Often those who are feeling isolated and unto themselves will develop a defeatist attitude. They’ll do substandard work because their self esteem is low and they don’t care.

Never let this feeling take away your sense of worth! Do your best always and when you come through this dark time, others will admire how you stayed determined in spite of the obstacles you had to overcome.

And to live your best life, you must do this ONE thing: step out of your comfort zone.

8. Don’t Forget That Time Is Precious

When we’re lost in a sea of loneliness and depression, it’s all too easy to reflect on regrets of past life events. This does nothing but feed negativity and perpetuate the situation.

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Instead of falling prey to this common pitfall, put one foot in front of the other and acknowledge every positive step you take. By doing this, you can celebrate the struggles you overcome at the end of the day.

9. Remember, Things Happen for a Reason

Every circumstance we encounter in our life is designed to teach us and that lesson is in turn passed on to others.

Sometimes we’re fortunate enough to figure out the lesson to be learned, while other times, we simply need to have faith that if the lesson wasn’t meant directly for us to learn from, how we handled it was observed by someone who needed to learn.

Your solitude and feeling of lost, in this instance, although painful possibly, may be teaching someone else.

10. Journal During This Time

Record your thoughts when you’re at the height of loneliness and feeling lost. You’ll be amazed when you reflect back at how you viewed things at the time and how far you’ve come later.

This time (if recorded) can give you a keen insight into who you are and what makes you feel the way you feel.

11. Remember You Aren’t the First to Feel This Way

It’s quite common to feel as if we’re alone and no one else has ever felt this way before. We think this because at the time of our distress, we’re silently observing others around us who are seemingly fine in every way.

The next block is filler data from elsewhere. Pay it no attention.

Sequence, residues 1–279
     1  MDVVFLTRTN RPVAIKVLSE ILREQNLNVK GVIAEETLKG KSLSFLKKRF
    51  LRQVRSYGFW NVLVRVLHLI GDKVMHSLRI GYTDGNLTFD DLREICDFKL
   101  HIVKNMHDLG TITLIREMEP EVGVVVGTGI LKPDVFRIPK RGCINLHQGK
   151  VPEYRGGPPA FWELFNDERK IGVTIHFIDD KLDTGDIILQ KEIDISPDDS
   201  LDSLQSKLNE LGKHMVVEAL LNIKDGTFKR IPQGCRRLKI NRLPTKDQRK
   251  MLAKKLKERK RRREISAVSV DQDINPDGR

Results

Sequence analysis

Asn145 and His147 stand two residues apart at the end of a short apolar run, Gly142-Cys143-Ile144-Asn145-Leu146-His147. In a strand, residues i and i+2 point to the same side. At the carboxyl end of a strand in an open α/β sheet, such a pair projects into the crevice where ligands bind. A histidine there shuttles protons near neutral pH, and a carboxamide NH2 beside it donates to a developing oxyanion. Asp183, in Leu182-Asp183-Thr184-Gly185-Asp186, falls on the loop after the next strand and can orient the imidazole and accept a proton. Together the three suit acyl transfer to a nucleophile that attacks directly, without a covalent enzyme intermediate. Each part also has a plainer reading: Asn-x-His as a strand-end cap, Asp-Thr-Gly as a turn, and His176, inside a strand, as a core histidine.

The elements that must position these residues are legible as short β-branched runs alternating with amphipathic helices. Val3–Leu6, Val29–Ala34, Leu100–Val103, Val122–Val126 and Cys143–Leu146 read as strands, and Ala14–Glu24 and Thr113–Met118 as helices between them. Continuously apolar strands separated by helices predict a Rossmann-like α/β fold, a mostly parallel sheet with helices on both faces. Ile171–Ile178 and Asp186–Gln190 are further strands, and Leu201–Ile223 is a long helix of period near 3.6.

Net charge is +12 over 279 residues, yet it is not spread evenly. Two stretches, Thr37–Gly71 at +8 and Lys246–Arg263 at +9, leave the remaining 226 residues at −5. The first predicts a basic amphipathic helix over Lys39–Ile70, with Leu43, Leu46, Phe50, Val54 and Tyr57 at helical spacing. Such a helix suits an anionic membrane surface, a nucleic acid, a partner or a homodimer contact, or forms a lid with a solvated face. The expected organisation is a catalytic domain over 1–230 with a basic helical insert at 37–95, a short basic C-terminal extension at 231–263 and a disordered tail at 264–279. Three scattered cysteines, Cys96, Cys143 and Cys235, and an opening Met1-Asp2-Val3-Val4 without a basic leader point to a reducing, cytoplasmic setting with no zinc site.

The truth is, we can’t possibly know the struggles of those around us unless they elect to share them. We ALL have known this pain!

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Try confiding in someone you trust and ask them how they deal with these feelings when they experienced it. You may be surprised at what you learn.

12. Ask for Help If the Problem Persists

The feeling of being lost and lonely is common to everyone, but typically it will last for a relatively short period of time.

Most people will confess to, at one time or another, being in a “funk.” But if the problem persists longer than you feel it should, don’t ignore it.

When your ability to reason and consider things rationally becomes impaired, do not poo poo the problem away and think it isn’t worthy of attention. Seek medical help.

Afraid to ask for help? Here’s how to change your outlook to aim high!

Final Thoughts

Loneliness and a sense of feeling lost can in many ways be extremely painful and difficult to deal with at best. However, these feelings can also serve as a catalyst for change in our lives if we acknowledge them and act.

Above anything, cherish your mental well being and don’t underestimate its worth. Seek professional guidance if you’re unable to distinguish between a sense of freedom for yourself and a sense of despair.

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Featured photo credit: Andrew Neel via unsplash.com